SACRAMENTO - How ever California meets a December deadline to ease prison crowding, the state's prison problems are far from over. Federal judges in June warned California that they are wary of any temporary fix, and are likely soon to demand California also produce a long-term plan for its chronically overcrowded prisons. [See California's request for a 3-year delay in prison crowding caps.] As well, inmate lawyers continue to press  for changes within the system, whatever its size.
September 12, 2013 | By Geoffrey Mohan
Researchers seeking weapons against HIV have solved a molecular riddle about how the pathogen docks with immune system cells to unleash its viral mayhem. Their computer-generated images of the molecules, which are 185,000 times smaller than the width of a human hair, offer researchers promising avenues for developing a drug that might impede HIV's cellular invasion, according to a study published online Thursday in the journal Science Express. “We don't have the whole scenario of what happens when HIV enters a cell, but this is going to be a major jigsaw-puzzle piece,” said Dr. P.J. Klasse, a virologist at Weill Cornell Medical College in New York, who was not part of the research team.
February 13, 1994
Regarding Peter Rainer's film commentary "Why the 'Schindler's List' Backlash?" (Jan. 30): As one who holds the film "Schindler's List" in even higher regard than does Rainer, I thank him for his most thoughtful response to the complaints of the Backlash Brigade. Most of the debate, like the one concerning "Philadelphia," only demonstrates that filmmakers are sure to be "damned if they do and damned if they don't" when it comes to dealing with certain sensitive subjects. I recently viewed "Schindler's List" for the second time.
July 20, 2008 | Chuck Culpepper
Hit: If Ben Curtis came to your front door one morning, you probably wouldn't recognize him, but he's the 2003 British Open champion and a whiz at this links riddle. He finished eighth last year, shot a remarkable 70 in the sunny horror Saturday, and wowed spectators with an eagle on No. 3 -- nine-iron from 165 yards -- that he presumed bunker-bound until cheering budded in the distance. "All of a sudden we walked 10 more yards and they went crazy," he said. Miss: If you're English and you're going to shank your second shot on No. 15 and visit the gorse and lose your ball, it probably helps just a tad to find Queen Elizabeth's second son standing there.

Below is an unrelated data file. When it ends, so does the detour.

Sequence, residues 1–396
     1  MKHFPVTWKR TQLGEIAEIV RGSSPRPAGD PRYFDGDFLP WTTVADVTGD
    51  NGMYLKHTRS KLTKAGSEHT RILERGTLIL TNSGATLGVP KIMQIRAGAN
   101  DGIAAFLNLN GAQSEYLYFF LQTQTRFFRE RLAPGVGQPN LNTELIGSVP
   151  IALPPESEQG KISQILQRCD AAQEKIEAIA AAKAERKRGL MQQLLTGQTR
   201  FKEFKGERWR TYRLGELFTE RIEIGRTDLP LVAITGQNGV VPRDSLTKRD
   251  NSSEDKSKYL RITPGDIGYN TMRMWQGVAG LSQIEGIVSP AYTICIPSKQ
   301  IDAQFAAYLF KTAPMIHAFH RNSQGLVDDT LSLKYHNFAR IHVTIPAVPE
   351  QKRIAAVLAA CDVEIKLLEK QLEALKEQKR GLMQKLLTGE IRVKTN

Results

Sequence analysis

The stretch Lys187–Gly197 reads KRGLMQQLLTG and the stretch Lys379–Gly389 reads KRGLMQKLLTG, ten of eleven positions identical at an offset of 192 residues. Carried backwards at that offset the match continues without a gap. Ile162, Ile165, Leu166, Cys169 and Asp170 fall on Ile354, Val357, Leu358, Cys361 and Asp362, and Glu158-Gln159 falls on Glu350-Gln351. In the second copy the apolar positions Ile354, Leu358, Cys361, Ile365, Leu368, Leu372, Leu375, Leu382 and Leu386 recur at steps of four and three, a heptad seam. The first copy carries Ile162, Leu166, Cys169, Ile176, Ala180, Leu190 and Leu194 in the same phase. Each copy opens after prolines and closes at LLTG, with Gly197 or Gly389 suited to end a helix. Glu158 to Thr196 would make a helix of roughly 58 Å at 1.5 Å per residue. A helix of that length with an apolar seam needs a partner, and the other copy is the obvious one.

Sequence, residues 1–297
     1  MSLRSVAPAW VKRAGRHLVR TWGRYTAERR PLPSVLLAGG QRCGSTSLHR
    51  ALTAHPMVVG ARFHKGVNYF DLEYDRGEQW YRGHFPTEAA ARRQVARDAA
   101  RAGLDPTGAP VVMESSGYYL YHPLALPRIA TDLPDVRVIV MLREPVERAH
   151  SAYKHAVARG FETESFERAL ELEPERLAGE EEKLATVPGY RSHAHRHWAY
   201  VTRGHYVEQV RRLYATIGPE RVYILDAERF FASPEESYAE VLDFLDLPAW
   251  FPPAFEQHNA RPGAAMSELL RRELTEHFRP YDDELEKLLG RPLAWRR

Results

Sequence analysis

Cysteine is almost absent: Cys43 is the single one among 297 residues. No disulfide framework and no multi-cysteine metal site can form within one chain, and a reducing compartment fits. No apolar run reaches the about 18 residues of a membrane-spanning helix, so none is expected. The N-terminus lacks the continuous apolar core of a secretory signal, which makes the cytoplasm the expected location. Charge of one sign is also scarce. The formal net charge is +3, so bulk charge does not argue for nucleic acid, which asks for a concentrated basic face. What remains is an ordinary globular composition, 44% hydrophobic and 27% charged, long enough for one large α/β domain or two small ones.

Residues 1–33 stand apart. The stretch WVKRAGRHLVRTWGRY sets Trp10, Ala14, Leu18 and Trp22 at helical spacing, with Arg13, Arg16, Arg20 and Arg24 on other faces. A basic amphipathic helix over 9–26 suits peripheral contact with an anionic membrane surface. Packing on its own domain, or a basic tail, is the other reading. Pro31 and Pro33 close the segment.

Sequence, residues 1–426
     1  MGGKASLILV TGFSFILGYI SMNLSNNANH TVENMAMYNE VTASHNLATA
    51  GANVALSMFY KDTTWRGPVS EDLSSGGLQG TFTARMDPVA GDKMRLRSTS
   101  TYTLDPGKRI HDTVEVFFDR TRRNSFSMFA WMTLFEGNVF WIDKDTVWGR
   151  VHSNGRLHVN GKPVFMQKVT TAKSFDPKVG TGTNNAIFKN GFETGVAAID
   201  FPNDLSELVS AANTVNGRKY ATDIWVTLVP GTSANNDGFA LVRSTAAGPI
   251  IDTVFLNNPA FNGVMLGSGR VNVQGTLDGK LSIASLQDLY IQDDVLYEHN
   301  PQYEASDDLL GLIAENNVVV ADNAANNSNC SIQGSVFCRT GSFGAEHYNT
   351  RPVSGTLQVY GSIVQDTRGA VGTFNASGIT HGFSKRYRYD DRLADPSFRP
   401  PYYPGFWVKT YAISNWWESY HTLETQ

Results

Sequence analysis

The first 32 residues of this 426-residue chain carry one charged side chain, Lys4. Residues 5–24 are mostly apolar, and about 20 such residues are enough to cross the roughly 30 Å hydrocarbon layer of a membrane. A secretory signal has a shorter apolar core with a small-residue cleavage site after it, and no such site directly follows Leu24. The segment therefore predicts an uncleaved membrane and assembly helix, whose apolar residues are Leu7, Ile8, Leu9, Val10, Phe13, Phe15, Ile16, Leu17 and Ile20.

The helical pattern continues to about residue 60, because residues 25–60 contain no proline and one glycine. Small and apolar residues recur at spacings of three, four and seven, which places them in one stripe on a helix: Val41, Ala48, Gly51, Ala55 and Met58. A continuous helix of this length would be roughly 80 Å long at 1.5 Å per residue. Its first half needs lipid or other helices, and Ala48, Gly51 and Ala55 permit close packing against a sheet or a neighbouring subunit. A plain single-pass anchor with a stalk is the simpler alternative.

July 16, 2013 | By Geoffrey Mohan
Too much good news in medicine may be bad news for science, according to a new study that suggests animal research is riddled with bias that allows too many treatments to advance to human trials. Researchers examined data from thousands of experiments on animals for such neurological diseases as Parkinson's, Alzheimer's and stroke. They found that the published findings were too good to be true from a statistical perspective. “There's just too many significant results out there,” said Stanford University epidemiologist John Ioannidis, lead author of the study published online Tuesday in PLOS Biology.
June 21, 2013 | Times Staff and Wire Reports
Physicist Kenneth G. Wilson, who earned a Nobel Prize for breakthrough research that explained how factors like temperature and pressure lead to sudden transformations of matter, such as boiling water's shift from liquid to vapor, died Saturday in Saco, Maine. He was 77. The cause was complications of lymphoma, according to Cornell University in Ithaca, N.Y., where he worked when he won the Nobel Prize in physics in 1982. The prestigious award recognized Wilson for his sophisticated approach to answering such elemental riddles as why water boils or freezes and why magnets lose their power.